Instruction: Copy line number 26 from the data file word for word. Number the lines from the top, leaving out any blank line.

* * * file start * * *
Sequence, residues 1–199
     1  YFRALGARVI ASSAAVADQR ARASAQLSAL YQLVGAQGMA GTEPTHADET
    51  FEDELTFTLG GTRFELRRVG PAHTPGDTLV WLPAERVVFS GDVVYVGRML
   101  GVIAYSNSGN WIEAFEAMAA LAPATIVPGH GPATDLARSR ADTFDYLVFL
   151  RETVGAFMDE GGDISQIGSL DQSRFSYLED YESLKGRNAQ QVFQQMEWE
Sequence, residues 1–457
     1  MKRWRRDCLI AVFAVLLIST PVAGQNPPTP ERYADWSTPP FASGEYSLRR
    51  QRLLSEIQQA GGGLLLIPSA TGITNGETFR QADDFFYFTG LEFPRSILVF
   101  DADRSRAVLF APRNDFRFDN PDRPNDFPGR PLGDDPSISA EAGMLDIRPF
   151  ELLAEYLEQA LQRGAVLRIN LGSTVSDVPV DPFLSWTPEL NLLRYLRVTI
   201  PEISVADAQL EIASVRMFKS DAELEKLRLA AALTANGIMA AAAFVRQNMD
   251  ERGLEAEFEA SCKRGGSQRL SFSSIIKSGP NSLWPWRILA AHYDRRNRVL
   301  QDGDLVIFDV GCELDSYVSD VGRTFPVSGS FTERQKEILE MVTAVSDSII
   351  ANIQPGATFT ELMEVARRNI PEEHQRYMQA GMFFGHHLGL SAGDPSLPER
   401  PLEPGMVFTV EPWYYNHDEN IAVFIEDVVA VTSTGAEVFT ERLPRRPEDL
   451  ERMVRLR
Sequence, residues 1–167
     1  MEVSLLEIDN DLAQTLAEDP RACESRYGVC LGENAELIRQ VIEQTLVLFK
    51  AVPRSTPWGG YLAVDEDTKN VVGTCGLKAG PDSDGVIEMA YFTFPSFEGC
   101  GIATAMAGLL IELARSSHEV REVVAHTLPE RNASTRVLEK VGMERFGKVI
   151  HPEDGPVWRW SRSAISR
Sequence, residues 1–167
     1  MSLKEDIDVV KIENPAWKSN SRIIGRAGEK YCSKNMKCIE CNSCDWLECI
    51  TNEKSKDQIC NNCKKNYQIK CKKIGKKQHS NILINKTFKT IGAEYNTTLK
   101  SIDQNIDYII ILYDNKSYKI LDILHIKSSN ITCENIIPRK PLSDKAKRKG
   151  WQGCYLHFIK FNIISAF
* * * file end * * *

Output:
   151  WQGCYLHFIK FNIISAF